At 18 Hudd left his family's farm in Michigan and journeyed to Chicago, where he discovered the concept of fashion while working as a window-display designer at a Loop department store. "No one had to teach me," he asserts. "I observed it."

Six years later, in 1950, he had scraped together enough money to open his own high-style milliner's shop at Clark and Division.

With his eye on the nouveau riche, he soon moved to 40 E. Oak, where his business thrived for 20 years. He says his eye-popping window displays prompted a sight-seeing bus to include his shop among its regular stops. "My motto was 'If you don't know me, you'll see me.'"

By the late 50s Hudd was one of the city's costume kings, designing hats for fashion-show luncheons at grand hotels like the Edgewater and the Drake. Phyllis Diller became a close friend and admirer, dropping by his shop regularly and shooting faces at window-shoppers.

"It was wonderful," he says with a smile and a disconcerted glance at his pilling green sweater and weathered gray slacks. "Women had a hat for work, a hat for church, a hat for cocktail and dinner parties. It was the crowning jewel of a woman." He drops his voice to a whisper so as not to attract the attention of another female customer and says women then adopted an "if men don't have to wear them then neither do we" attitude. "The children of that generation used to play dress up as little girls, and now that they're adults they dress like little boys."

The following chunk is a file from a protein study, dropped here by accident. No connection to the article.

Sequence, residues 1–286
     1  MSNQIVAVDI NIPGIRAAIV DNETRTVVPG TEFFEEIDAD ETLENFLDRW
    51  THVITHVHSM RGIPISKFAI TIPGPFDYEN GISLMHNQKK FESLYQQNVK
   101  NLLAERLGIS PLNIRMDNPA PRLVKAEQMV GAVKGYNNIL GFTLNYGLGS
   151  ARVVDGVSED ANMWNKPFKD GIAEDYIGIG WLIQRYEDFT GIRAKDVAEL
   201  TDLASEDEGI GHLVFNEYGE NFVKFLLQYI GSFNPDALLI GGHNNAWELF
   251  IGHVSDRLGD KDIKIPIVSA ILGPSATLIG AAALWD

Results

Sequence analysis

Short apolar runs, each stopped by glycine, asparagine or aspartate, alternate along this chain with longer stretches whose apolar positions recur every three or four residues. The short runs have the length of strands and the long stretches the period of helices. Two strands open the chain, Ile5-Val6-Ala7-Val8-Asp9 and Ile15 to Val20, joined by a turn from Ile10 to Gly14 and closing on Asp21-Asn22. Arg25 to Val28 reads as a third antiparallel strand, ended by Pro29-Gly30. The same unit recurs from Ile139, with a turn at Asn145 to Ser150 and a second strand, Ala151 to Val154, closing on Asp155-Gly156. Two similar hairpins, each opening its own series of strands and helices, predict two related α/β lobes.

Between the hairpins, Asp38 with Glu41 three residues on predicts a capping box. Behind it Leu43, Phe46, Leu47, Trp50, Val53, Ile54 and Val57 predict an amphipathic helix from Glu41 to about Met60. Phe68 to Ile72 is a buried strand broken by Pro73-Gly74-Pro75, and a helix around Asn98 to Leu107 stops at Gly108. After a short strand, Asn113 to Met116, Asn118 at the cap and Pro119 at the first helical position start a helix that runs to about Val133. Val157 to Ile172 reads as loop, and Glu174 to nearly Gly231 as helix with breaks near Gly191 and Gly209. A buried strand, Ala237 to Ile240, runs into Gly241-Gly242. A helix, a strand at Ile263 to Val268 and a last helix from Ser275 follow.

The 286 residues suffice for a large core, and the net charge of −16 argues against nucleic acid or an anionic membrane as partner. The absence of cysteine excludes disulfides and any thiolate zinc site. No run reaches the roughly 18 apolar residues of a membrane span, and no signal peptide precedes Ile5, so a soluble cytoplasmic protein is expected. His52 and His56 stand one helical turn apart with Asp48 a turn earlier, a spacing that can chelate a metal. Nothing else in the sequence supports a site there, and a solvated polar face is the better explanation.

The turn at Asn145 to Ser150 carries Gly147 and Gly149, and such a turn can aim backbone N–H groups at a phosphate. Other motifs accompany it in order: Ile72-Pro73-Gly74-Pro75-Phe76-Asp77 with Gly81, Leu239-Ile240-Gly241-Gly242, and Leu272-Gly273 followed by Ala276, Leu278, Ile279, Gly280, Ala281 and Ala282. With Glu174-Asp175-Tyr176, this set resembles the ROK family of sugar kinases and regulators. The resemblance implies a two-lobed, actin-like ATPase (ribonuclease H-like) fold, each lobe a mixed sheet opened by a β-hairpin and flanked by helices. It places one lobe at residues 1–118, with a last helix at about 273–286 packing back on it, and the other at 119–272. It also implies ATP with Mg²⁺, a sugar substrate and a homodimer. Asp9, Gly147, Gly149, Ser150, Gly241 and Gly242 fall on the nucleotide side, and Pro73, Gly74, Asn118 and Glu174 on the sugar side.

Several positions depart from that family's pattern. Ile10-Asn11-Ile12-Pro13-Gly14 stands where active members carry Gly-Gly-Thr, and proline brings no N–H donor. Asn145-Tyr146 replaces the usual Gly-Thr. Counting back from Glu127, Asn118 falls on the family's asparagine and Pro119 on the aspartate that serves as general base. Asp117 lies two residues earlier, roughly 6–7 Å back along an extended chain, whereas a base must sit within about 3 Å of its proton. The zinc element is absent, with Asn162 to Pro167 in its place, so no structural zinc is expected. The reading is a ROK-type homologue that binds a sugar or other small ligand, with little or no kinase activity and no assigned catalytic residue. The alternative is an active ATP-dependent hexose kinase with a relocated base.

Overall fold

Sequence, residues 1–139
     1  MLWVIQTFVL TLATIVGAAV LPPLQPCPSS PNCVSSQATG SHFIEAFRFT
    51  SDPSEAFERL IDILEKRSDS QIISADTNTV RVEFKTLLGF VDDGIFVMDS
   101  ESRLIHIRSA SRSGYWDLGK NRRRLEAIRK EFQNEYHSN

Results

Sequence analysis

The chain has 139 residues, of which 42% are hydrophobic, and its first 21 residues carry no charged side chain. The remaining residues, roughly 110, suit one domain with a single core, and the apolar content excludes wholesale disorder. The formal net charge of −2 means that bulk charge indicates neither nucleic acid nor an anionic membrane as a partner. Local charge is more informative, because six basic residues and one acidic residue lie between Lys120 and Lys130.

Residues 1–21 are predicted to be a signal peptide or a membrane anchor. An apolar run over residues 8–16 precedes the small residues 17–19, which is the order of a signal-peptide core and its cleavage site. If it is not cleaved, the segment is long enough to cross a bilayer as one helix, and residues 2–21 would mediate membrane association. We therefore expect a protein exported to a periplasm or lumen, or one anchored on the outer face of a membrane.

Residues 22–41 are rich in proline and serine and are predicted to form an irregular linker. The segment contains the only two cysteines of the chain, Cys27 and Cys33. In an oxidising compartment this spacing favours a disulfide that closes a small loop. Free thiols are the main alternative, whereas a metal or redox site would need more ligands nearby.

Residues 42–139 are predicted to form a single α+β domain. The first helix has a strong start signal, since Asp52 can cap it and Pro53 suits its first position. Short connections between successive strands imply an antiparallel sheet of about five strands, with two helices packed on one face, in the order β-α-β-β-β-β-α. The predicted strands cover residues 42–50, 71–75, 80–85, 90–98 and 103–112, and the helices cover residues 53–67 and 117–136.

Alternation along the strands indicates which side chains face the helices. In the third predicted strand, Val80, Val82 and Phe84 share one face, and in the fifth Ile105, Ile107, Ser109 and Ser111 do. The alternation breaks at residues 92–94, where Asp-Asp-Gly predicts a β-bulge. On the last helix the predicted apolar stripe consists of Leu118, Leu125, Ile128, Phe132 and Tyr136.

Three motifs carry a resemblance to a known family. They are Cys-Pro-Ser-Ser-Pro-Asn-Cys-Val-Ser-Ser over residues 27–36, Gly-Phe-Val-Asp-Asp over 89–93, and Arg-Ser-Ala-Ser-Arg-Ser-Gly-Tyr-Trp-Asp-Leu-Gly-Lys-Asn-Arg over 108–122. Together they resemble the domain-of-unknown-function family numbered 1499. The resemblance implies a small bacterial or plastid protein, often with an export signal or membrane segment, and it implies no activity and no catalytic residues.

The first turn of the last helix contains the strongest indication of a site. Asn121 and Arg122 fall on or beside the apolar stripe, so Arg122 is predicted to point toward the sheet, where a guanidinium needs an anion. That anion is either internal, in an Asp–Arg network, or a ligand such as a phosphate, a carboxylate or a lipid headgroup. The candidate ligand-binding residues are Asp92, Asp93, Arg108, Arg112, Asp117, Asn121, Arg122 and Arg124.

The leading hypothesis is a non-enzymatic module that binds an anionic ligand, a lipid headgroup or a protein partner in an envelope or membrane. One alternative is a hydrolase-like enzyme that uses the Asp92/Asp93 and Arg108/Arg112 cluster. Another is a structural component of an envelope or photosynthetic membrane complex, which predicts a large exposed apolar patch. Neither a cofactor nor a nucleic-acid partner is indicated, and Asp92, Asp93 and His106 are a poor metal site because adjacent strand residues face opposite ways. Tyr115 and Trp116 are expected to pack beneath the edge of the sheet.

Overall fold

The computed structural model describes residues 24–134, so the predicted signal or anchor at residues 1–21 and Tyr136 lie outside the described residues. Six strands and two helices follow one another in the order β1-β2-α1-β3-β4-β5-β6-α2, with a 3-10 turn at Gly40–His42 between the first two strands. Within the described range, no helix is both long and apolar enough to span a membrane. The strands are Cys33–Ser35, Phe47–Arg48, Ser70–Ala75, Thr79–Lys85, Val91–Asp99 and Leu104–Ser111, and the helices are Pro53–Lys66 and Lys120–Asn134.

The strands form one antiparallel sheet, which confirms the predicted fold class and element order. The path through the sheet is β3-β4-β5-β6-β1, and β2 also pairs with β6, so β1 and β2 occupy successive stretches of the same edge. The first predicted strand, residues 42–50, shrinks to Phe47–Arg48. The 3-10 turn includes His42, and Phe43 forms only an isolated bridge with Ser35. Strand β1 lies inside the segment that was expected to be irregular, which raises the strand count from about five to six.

A woman enters the shop gripping a man's straw hat, searching for a band to wrap around it. Hudd says gently, "There aren't too many shops like this around, let alone one for men." Then he asks who wears the hat.

"Oh, it's my husband's hat," she says abruptly.

"Well, there used to be plenty of fine men's shops back when it was popular to dress in style," Hudd begins. But the woman is dashing back out to her double-parked car. "She probably wears that thing," he sighs.